Many have described Buckley's voice as "angelic." Perhaps this description can be attributed to his lack of natural limitations. The uniqueness of his multi-octave range was simply otherworldly; in fact, no note was out of reach for Buckley.
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Format: Audio CD
Any attempt I have made so far to describe this album to those who have never heard it has fallen far short of the power of actually playing it, but I must try again, I always do... it is not music for the background, or for a party... It is haunting, it is sweet, it is perfect and flawless and yet broken and, at times, heavy with the emotion of a sinner. Yet also it is light, in songs such as "Hallelujah", a constant favorite. Every song is full of various emotions, and they are not simple or wonderously happy. They are the feelings of one who lived a life, however short, full of misery and yet found a way to leave that behind. Buckley was different from the rest of us, its true. Everything he felt was hundreds of times stronger than a normal person should feel. And yet, his music is not complaining, it is just feeling. You can adapt the beautiful lyrics and quavering,(perfect) voice to any feeling you may be having, and be immediately lifted by the beauty you hear.
It is beauty. It is perfect. It is also ironically indescribable.
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Format: Audio CD
Jeff Buckley has garnered massive priase from critics and fans alike. Much of it is deserved, but much is not.
Buckley has one of the most powerfully emotive voices I've ever heard. It is a light, clean, and high tenor, and he shows notable control, filling every word with tremendous feeling. His barren interpretation of Leonard Cohen's 'Hallelujah' is an emotional masterpiece, the finest cover of this much-remade song I have ever heard. His guitar-playing is also varied and effective.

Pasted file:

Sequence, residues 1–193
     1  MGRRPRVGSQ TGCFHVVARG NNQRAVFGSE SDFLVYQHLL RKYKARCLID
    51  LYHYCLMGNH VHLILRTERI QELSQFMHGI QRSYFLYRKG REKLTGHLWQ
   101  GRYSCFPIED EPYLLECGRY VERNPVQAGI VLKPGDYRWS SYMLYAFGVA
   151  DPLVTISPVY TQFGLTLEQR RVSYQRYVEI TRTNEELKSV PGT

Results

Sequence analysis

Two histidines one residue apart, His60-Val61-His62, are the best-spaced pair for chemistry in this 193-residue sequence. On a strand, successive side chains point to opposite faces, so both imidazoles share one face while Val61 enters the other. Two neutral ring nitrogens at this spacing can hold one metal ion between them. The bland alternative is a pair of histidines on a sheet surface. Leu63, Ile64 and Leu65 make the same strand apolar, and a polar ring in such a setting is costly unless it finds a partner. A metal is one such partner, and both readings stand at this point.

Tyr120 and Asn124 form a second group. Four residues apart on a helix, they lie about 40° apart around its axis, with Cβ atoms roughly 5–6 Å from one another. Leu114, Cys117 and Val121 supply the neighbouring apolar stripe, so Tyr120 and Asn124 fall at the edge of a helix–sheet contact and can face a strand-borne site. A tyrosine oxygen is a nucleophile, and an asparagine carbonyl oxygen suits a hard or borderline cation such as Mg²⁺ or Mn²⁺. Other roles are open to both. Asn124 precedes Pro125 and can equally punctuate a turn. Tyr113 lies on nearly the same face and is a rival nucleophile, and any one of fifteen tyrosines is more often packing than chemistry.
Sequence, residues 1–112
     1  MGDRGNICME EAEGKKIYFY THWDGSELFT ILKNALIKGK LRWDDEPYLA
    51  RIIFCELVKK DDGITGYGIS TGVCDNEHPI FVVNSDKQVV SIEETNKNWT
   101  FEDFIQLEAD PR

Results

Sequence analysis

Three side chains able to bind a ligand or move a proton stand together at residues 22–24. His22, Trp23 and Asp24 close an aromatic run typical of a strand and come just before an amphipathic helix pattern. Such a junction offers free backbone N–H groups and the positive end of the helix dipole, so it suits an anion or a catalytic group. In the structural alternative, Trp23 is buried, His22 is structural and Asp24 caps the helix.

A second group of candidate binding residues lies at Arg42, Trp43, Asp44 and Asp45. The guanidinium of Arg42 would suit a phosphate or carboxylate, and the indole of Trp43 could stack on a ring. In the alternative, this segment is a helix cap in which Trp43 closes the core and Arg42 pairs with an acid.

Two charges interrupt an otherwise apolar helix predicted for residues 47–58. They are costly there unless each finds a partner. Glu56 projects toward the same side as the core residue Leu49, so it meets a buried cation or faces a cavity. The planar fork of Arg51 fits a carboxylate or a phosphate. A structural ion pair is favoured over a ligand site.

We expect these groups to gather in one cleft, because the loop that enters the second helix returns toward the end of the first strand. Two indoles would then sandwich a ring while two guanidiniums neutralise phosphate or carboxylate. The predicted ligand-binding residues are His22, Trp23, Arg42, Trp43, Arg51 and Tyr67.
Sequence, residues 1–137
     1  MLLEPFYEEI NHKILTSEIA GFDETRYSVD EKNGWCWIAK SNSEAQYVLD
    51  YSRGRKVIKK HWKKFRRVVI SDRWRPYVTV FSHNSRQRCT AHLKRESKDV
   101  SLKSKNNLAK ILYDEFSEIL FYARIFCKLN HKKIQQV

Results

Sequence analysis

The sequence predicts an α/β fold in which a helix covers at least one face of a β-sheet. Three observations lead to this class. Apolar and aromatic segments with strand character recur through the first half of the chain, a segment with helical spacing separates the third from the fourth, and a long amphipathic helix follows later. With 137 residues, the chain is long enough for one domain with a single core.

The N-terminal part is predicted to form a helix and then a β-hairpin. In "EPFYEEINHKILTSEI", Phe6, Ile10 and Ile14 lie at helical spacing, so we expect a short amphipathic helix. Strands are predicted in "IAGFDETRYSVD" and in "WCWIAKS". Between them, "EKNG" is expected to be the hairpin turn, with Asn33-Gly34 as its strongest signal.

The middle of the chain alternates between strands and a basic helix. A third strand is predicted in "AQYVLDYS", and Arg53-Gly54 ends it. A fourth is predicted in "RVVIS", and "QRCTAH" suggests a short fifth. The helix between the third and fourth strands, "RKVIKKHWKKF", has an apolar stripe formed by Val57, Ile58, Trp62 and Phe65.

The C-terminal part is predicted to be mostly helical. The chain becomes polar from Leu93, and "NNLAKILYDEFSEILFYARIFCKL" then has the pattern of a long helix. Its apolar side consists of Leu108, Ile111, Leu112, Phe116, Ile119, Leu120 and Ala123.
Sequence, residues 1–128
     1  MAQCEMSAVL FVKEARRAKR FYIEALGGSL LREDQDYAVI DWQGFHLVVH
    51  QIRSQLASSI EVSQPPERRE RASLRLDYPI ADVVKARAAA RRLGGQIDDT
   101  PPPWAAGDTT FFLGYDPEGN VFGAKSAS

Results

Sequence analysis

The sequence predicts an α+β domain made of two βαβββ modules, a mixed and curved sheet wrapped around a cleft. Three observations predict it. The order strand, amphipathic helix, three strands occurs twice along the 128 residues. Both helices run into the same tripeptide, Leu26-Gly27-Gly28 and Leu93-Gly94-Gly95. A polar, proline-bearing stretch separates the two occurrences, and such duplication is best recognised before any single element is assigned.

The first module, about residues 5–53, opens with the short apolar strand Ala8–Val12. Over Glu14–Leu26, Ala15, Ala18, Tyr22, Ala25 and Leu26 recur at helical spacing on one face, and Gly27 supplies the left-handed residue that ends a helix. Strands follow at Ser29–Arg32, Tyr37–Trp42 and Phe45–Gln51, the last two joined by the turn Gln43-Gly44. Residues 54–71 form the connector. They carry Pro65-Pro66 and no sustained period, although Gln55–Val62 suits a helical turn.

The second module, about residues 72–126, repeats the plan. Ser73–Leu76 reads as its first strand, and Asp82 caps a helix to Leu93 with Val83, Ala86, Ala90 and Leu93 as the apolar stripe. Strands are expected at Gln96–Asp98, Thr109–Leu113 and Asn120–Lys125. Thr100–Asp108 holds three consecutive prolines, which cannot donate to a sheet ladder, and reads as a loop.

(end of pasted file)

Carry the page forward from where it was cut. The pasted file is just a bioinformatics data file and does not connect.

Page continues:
His songwriting, however, leaves something to be desired. While he pens several good lines, an equal number of them are inscrutable stuff like "Born again from the rhythm screaming down from heaven / ageless, ageless and I'm there in your arms" (from 'Mojo Pin'). Melodies seem to come and go as they please, and the production, while adequate, is fairly uninteresting. Buckley's interpretive talents are wasted on his own material.
Jeff Buckley is, to me, much like Enrico Caruso. Like Buckley, Caruso had uniquely powerful and moving voice that could salvage mediocre material but, when applied to great songs, produced authoritative works that still leave listeners in awe. Caruso was perhaps the greatest singer of his time, but he was wise enough to recognize his own finitude and chose to only bring life to the works of others, not try to create his own. Buckley, also a great talent, is best when he follows that same course.
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By A Customer on Dec 28 1999
Format: Audio CD
Apart from the odd Christian friend that looked at me side ways for owning a Pink Floyd CD, I doubt that any recording has caused more tension among visitors than this album. Because Jeff Buckley is so expressive when he sings, those looking for pure entertainment and mindless catchy tunes seem to freak at this weirdo with the falsetto that God took so much time in making. What are they afraid of, having to think about what they're listening to? Me thinks so. This album is no mistake. I believe he released it knowing the love/hate effect it would have on people. The variety of songs and styles reflect that. He achieved much in a short time and caused many peole around the world to convert to thinking Music.
Lover You Should've... is a personal dream song for me. I just love the way it builds up. Mojo Pin is an ecclectic but very satisfying song that takes me on journey's rarely managed by other bands (early U2 and Radiohead are the exceptions here) and Last Goodbye is so damn sad! (but very good)This is truly a great album.
If you no have, you loose. Simple really.